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How is a dead tree good?

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Snags and dead trees provide many benefits to wildlife and forests.

Snags and healthy ecosystems

Standing dead trees, called snags, provide birds and mammals with shelter to raise young and raptors with unobstructed vantage points.

As forest ecologist Jerry Franklin, likes to say: "A dead tree is more alive than a live tree." Alive with critters from large to small, that is! Or as the Washington Dept of Fish and Wildlife notes, "Dead wood brings new life."


Over 500 species of birds, 300 species of mammals, 400 species of amphibians and reptiles, and nearly all fish – because of the beneficial effect of snags on watersheds – benefit from snags for food, nesting, or shelter.

Only 30 bird species are capable of making their own nest cavities in trees. The pileated woodpecker is a famous example. Another 80 animal species – like fishers – depend upon previously excavated or natural tree holes for their nests.Some, like wolverines, count on deep drifts piled around natural obstructions like dead tree trunks to dig their deep dens in winter.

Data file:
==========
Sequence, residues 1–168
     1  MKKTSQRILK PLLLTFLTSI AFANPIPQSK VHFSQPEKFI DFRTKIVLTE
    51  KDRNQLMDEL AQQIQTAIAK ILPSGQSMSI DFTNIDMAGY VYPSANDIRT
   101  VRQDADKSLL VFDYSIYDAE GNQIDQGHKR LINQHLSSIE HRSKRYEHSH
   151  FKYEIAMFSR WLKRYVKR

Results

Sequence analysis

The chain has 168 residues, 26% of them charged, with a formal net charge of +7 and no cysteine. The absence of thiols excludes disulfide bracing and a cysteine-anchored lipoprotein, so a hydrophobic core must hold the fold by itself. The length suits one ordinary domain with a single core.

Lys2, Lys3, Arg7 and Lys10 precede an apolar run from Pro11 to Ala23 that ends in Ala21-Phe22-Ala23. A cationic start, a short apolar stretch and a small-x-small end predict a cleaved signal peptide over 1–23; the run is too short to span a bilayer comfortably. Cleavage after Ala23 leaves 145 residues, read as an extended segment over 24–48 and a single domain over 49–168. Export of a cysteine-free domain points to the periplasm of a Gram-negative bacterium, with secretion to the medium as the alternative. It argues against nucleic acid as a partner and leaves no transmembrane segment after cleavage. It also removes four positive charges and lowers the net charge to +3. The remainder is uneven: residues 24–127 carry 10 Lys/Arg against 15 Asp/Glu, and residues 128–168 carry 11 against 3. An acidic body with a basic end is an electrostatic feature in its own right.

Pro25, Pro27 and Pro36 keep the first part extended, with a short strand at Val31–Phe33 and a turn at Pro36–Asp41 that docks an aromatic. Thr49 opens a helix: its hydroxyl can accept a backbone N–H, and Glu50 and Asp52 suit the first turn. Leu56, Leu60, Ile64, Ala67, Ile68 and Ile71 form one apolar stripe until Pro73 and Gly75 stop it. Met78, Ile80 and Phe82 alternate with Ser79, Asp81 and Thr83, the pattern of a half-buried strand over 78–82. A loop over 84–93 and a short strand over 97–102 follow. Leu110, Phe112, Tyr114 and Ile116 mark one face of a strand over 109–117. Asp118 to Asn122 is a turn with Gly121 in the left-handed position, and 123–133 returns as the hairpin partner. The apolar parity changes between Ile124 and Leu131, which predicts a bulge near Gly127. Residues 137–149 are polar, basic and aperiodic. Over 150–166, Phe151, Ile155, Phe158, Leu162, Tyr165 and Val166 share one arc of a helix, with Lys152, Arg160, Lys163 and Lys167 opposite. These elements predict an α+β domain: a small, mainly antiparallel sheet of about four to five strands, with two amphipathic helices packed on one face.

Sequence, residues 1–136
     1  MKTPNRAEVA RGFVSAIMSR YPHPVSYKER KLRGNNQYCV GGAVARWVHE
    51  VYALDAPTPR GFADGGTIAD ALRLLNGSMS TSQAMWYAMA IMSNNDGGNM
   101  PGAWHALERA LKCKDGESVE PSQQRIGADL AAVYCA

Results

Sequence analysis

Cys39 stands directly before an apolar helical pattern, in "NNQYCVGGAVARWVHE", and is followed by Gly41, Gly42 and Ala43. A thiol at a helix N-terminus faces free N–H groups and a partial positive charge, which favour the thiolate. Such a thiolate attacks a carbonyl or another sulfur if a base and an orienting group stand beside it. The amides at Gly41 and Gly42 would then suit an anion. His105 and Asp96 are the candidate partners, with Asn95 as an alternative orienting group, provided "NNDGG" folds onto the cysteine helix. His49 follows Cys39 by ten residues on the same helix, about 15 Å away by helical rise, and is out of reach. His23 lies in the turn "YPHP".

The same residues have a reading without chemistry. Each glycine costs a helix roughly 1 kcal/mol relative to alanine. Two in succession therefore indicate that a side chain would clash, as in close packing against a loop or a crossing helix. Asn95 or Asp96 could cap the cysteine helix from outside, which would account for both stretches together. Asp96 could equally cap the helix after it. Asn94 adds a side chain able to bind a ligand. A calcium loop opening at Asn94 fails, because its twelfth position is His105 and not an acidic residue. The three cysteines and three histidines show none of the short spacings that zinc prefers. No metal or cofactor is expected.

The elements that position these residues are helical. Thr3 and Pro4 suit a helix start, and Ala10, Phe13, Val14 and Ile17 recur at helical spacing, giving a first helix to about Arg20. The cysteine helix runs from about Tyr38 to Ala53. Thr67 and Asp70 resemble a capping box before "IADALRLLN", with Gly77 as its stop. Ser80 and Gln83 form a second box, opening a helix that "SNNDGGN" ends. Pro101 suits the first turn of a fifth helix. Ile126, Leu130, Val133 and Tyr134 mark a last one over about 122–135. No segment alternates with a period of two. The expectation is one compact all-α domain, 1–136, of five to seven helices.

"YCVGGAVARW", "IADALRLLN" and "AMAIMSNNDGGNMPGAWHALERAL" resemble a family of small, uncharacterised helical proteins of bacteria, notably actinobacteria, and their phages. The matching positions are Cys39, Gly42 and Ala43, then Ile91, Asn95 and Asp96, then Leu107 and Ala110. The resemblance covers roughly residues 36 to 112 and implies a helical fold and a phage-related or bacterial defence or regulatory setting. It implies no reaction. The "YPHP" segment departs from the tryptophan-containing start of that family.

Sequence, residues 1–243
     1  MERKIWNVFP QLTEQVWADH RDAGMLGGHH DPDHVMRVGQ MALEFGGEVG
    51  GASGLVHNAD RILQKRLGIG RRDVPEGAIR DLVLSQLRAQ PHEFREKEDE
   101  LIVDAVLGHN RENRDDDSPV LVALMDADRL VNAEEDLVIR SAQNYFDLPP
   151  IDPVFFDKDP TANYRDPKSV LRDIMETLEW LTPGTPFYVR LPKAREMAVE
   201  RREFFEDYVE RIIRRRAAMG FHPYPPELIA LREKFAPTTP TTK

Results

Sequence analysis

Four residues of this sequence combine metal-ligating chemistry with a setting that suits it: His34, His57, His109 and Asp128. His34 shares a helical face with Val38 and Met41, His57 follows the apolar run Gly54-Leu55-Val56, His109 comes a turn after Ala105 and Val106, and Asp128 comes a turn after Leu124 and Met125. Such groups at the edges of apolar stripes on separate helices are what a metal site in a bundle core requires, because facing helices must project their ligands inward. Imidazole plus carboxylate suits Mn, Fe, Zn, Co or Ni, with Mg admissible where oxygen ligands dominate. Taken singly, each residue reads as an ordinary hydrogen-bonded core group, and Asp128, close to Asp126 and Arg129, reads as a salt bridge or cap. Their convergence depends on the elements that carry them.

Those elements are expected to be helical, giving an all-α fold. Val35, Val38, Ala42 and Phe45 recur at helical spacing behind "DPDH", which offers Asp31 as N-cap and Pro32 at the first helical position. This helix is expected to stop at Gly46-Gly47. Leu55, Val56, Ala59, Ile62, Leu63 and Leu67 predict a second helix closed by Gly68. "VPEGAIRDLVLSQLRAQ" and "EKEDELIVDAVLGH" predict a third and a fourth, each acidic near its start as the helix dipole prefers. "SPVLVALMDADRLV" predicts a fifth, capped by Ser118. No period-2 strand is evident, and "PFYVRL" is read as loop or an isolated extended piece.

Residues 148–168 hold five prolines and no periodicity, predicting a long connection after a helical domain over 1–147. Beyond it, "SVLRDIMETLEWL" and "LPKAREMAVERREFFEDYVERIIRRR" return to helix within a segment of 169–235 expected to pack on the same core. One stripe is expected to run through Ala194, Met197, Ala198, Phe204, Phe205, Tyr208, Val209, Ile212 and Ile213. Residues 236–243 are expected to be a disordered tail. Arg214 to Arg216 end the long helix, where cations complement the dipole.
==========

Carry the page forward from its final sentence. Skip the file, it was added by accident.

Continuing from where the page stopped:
The insulation of a tree trunk home allows wildlife to survive high summer and low winter temperature extremes.

Tree cavities and loose bark are used by many animals to store their food supplies. And insects living in dead wood eat thousands of forest pests which can harm living trees.

Fish and amphibians hide under trees that have fallen into the water.

Woodpeckers and creepers feast on the wood-eating insects and provide "sawdust" for ants to process. Deer and mountain caribou eat the lichen growing on the trunks.

Whether created through natural processes or active forest restoration, standing and down dead wood play an important role on the landscape.  

Source: Snag Facts with Impacts, US Forest Service
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